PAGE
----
The study proposals of the two yaws studies were registered with and approved by the Technical Review Committee of the Philippine Council for Health Research and Development (PCHRD) (PHRR 191212-002355; PHRR 10803-001361). Ethical approval for the 2017 yaws study was granted by the St. Cabrini Medical Center–Asian Eye Institute Ethics Review Committee (SCMC–AEI ERC No. 2016-022). The ethical approval of the 2020 yaws study proposal was granted by the Single Joint Research Ethics Board (SJREB 2018–24) and the University of the Philippines Manila Research Ethics Board (UPMREB 2018-53401).

Consent for publication

Written informed consent to participate in the study were secured from the parents or guardians of minors and from adult participants. Written informed assent were secured from minors aged 6–18 years of age.

Competing interests

The authors declare that they have no competing interests.

Additional information

Publisher's Note

Springer Nature remains neutral with regard to jurisdictional claims in published maps and institutional affiliations.

Rights and permissions

Open Access This article is licensed under a Creative Commons Attribution 4.0 International License, which permits use, sharing, adaptation, distribution and reproduction in any medium or format, as long as you give appropriate credit to the original author(s) and the source, provide a link to the Creative Commons licence, and indicate if changes were made. The images or other third party material in this article are included in the article's Creative Commons licence, unless indicated otherwise in a credit line to the material. If material is not included in the article's Creative Commons licence and your intended use is not permitted by statutory regulation or exceeds the permitted use, you will need to obtain permission directly from the copyright holder. To view a copy of this licence, visit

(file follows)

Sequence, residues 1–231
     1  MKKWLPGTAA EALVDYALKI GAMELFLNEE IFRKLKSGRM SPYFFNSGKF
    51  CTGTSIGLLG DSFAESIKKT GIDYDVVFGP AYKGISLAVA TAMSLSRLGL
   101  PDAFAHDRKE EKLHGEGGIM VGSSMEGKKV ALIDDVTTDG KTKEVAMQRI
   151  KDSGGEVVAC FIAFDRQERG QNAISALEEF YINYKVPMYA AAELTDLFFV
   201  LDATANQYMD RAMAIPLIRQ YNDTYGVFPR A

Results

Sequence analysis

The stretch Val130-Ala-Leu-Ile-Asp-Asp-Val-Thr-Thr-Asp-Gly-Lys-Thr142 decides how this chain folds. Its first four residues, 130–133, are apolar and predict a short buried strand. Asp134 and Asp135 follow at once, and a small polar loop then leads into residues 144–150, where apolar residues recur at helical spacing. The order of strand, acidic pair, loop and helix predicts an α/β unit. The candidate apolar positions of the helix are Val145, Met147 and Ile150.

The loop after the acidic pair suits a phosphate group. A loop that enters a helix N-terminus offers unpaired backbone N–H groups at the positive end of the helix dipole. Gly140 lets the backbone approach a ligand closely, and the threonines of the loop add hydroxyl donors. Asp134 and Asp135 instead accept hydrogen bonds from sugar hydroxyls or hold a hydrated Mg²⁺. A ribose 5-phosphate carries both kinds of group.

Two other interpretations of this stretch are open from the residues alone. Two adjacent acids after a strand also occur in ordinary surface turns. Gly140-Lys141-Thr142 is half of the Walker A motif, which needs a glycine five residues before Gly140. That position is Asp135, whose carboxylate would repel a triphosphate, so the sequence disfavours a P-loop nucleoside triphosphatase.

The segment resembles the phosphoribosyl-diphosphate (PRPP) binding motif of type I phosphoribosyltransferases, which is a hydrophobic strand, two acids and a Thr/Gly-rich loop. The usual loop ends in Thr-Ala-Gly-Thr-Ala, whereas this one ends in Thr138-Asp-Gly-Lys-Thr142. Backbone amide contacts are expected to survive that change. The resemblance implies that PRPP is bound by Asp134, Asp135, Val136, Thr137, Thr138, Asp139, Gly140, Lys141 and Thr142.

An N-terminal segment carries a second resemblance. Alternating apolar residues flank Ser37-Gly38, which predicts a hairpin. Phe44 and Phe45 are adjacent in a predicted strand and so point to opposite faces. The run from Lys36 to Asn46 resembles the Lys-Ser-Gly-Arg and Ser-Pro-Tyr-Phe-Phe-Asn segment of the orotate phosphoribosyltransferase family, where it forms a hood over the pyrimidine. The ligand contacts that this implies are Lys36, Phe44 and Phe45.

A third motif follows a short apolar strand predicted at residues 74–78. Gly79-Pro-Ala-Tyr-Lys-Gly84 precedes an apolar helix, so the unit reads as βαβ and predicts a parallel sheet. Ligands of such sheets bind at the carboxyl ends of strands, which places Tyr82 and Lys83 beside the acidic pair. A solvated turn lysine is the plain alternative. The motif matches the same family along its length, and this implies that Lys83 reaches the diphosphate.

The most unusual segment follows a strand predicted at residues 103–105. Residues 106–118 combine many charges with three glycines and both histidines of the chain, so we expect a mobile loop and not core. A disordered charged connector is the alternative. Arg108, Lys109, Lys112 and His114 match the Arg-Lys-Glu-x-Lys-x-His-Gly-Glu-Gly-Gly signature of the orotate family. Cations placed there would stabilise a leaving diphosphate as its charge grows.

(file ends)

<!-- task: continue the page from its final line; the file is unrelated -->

Reprints and Permissions

About this article

Verify currency and authenticity via CrossMark

Cite this article

Dofitas, B.L., Kalim, S.P., Toledo, C.B. et al. Stigma, psychosocial and economic effects of yaws in the Philippines: an exploratory, qualitative study. Trop Med Health 50, 43 (2022).

Download citation

  • Received:

  • Accepted:

  • Published:

  • DOI:


  • Yaws
  • Psychosocial
  • Stigma
  • Philippines